Science, tech, engineering & maths (STEM) are key components of any 21st century national education system, and this week comes news Ghana’s Accra Central Library is home to a new STEM study hub thanks to a partnership between Book Aid International, the Ghana Library Authority, and the energy company Aggreko.
Two study hubs are planned, for the Accra and Koforidua Regional Libraries, complimenting Ghana’s Year of Reading, a national campaign aiming to get more Ghanaians engaging with books.
While a handful of schools in Ghana – the Holy Trinity Cathedral Senior High School, St. Mary Senior High School and Kinbu Senior High Technical School – are actively engaged with STEM, with a focus on getting more girls involved, nationwide the resources needed to efficiently teach STEM topics are simply unavailable at this time.
Book Aid International, reports the Ghana News Agency, has sent a total of 5,000 books from the UK to be distributed among the two libraries and the selected senior high schools, and locally published books have also been acquired to be distributed.
It’s a less than satisfactory solution, meaning reliance on foreign content which may not exactly coincide with local curriculum requirements, but still a positive move.
The issue of foreign aid in the form of books vs. locally produced material is a topic to come back to another time, as it goes to the heart of African publishing’s future.
But here to focus on the GhLA-Book Aid partnership.
Madam Samantha Thomas-Chuula, the Head of Programmes at Book Aid International, explained:
Book Aid International runs projects builds the capacity of librarians and teachers to support people and communities as they access books and read.
While career opportunities in STEM fields were increasing across Africa, many schools do not have the skilled teachers, resources or school libraries to help students develop these crucial skills (and) as a result many young people are falling short of the required skills levels for the modern workplace.
Girls in particular would benefit from the STEM study Hub as it targets a number of all-girl schools and the specially developed revision support guide included examples of women, who were succeeding in STEM fields.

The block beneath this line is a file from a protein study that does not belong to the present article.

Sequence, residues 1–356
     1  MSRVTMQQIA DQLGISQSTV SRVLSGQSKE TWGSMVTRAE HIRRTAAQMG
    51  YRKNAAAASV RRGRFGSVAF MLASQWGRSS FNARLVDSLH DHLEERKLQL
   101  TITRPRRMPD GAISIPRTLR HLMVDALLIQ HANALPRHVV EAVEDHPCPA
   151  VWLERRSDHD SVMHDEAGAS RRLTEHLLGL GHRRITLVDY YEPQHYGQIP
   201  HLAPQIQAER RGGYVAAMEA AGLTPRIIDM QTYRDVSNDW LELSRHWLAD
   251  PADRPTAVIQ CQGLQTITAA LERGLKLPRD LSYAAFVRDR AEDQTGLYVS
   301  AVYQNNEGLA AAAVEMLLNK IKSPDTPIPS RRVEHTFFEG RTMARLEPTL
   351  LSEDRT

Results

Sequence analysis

Encouraging girls, who may experience pressure to not pursue STEM careers was a positive feature of the project.
Ghana Library Authority Executive Director Hayford Siaw said they have,
already taken a baseline study where they understand the current performance rate of all the Senior High Schools that were been targeted and so the ideal was that after a period of one to two years, they should be able to see an improved performance and that was how they could be able to measure the project.
Siaw wants to see,
High performance in the STEM subjects and more young people entering into the University to pursue Science related courses and that would be an instrument to measure the success of the project.
Looking at the bigger picture here, 5,000 books is a drop in the ocean in terms of the needs of Ghana’s education system, and printed books on topics as fast-moving as STEM quickly become outdated.
One hopes that, while welcoming the imported books as a stop-gap measure, the Ghana education and library authorities can simultaneously look at long-term digital solutions.
Perhaps working hand-in hand with UK STEM content producers to ensure the most up-to-date information is used, but producing localized content relevant to Ghana and West African curriculum requirements, in digital formats that can be easily updated and can be made inexpensively affordable to all students via their smartphones.